- March 31, 2021
- 3 minute read
The term Internet of Things (IoT) is used to denote advanced connectivity of devices, systems and services that goes beyond the traditional machine-to-machine (M2M) and covers a variety of protocols, domains and applications. It's a network of physical objects accessed through the Internet, as defined by technology analysts and visionaries. These objects contain embedded technology to interact with internal states or the external environment. In other words, when objects can sense and communicate, it changes how and where decisions are made, and who makes them.
The planet has basically grown a neural system, allowing us to access data all around the globe for our benefit. It is fundamentally changing the way we do business, it’s surfacing greater efficiencies, driving deeper customer connections and introducing new business models and revenue streams.
On the following link you can read the basics of Internet of Things.
The three most important drivers for Internet of Things projects are now new revenue streams and enabling new services, as well as operational efficiency and then improving existing services and the consumer experience. The opportunities across the Internet of Things, depend on our ability to deliver intelligent services across the network of connected devices, and to achieve this in real time.
Let's put it simple; everything goes mobile, from people to devices, and enables communication and data collection.
The top benefits a company can realize in adopting their own IoT strategy are:
Estimates for Internet of Things or IoT market value are massive, since by definition the IoT will be a diffuse layer of devices, sensors, and computing power that overlays entire consumer, business-to-business, and government industries. The IoT will account for an increasingly huge number of connections: 1.9 billion devices today, and 9 billion by 2018. That year, it will be roughly equal to the number of smartphones, smart TVs, tablets, wearable computers, and PCs combined .
Qualcomm, LG, the Linux Foundation and other IoT experts are joining forces and forming an alliance. The AllSeen Alliance, as it’s called, have tasked themselves of creating and maintaining unified standards for device-to-device communication. The Linux Foundation stated that the move is aimed at accelerating the Internet of everything, which will transform homes and businesses with a wide range of everyday devices, objects and machines that are always connected and communicating. Basically ensuring that more and more electronic products can work together regardless of the brand, and form a new era of smarter technology. The Linux Foundation alliance is the largest consortium of it's kind. Considering the high risk, privacy and security issues, inter-device communication is more so compelling for customers and businesses alike. There’s also a security benefit in the open-source nature of the project.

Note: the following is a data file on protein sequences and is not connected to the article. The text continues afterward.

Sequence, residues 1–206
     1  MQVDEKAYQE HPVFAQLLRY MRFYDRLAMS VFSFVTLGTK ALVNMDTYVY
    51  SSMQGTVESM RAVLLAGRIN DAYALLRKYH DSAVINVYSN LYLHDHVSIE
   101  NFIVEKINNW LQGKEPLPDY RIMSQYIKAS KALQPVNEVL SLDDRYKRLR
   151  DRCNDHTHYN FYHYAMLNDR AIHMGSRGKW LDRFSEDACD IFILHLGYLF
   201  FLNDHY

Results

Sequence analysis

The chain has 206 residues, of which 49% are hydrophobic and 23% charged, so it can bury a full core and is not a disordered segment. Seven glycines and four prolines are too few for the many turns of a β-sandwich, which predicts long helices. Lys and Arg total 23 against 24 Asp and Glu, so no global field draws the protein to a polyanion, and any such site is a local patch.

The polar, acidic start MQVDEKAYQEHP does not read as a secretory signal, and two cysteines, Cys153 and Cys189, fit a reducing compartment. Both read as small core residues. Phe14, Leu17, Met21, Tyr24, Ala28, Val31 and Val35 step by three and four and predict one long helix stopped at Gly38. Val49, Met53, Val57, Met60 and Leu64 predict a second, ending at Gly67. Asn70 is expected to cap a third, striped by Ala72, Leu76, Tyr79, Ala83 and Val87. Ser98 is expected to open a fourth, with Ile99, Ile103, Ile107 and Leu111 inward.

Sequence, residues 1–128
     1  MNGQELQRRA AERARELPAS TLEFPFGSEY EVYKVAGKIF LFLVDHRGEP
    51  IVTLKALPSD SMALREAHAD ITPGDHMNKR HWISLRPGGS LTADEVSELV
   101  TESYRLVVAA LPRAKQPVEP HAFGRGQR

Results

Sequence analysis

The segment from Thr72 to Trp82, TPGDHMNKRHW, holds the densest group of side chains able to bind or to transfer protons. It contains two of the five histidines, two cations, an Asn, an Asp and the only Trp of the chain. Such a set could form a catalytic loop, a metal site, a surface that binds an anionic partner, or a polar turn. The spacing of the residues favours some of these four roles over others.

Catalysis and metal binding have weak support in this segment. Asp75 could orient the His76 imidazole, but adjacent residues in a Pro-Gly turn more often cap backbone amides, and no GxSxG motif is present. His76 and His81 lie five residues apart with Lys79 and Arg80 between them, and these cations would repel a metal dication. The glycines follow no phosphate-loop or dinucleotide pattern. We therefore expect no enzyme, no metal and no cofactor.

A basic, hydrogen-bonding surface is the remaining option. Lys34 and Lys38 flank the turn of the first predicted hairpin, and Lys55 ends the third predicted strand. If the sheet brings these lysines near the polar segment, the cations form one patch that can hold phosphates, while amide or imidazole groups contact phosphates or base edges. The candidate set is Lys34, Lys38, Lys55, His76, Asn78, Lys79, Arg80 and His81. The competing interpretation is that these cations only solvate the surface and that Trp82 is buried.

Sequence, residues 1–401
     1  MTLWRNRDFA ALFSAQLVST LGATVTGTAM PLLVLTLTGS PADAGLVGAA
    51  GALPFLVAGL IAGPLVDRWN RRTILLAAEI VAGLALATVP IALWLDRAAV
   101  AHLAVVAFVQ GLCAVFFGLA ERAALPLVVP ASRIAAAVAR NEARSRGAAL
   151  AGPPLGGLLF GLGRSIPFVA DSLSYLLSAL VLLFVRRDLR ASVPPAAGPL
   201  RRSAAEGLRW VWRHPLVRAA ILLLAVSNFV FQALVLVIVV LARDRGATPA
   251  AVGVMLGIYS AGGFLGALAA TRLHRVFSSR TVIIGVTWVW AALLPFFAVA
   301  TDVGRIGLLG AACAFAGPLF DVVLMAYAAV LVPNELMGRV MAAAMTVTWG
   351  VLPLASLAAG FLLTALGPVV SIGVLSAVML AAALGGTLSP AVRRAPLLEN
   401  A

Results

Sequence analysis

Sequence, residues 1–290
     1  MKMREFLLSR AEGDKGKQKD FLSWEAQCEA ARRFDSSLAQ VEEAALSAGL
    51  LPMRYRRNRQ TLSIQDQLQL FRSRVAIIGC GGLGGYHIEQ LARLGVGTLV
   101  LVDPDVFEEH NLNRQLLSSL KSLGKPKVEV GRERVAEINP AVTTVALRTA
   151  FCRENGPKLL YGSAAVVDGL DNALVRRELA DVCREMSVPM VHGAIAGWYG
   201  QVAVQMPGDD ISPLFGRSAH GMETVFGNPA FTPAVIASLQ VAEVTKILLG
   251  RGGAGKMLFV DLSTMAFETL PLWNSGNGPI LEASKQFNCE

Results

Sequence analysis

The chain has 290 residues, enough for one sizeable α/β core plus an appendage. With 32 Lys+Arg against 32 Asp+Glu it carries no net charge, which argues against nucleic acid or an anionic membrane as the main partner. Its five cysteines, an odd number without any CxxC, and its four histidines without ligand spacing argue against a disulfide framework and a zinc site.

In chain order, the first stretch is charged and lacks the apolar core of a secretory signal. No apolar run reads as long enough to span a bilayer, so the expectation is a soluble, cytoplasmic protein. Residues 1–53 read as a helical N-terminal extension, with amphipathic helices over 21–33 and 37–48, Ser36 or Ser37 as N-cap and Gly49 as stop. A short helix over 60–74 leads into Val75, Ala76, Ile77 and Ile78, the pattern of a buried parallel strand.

Here’s the full roster of AllSeen Alliance charter members:
Qualcomm, LG Electronics, Sharp, Haier, Panasonic, Silicon Image, Cisco, TP-LINK. Canary, doubleTwist, Fon, Harman, HTC, Le Shi, Lifx, Liteon, Moxtreme, Musaic, Sears Brand Management Corporation, Sproutling, The Sprosty Network, Weaved, and Wilocity.
Read the full report at VentureBeat.
BlackBerry is mostly discussed in terms of its slow decline in the global smartphone market, which it once pioneered. The newly announced Project Ion combines multiple efforts designed to go hand-in-hand with IoT development. The goal is to give businesses access to all new kinds of insights by making a business and all of it's aspects into a data-gathering device. This includes a secure application platform based on QNX. Project Ion aims to work hand-in-hand with Android, acting as a default OS for individual connected devices; BlackBerry seems to want to be the connective tissue in a larger IoT nervous system.
Read more on TechCrunch.
Further reading on Internet of Things: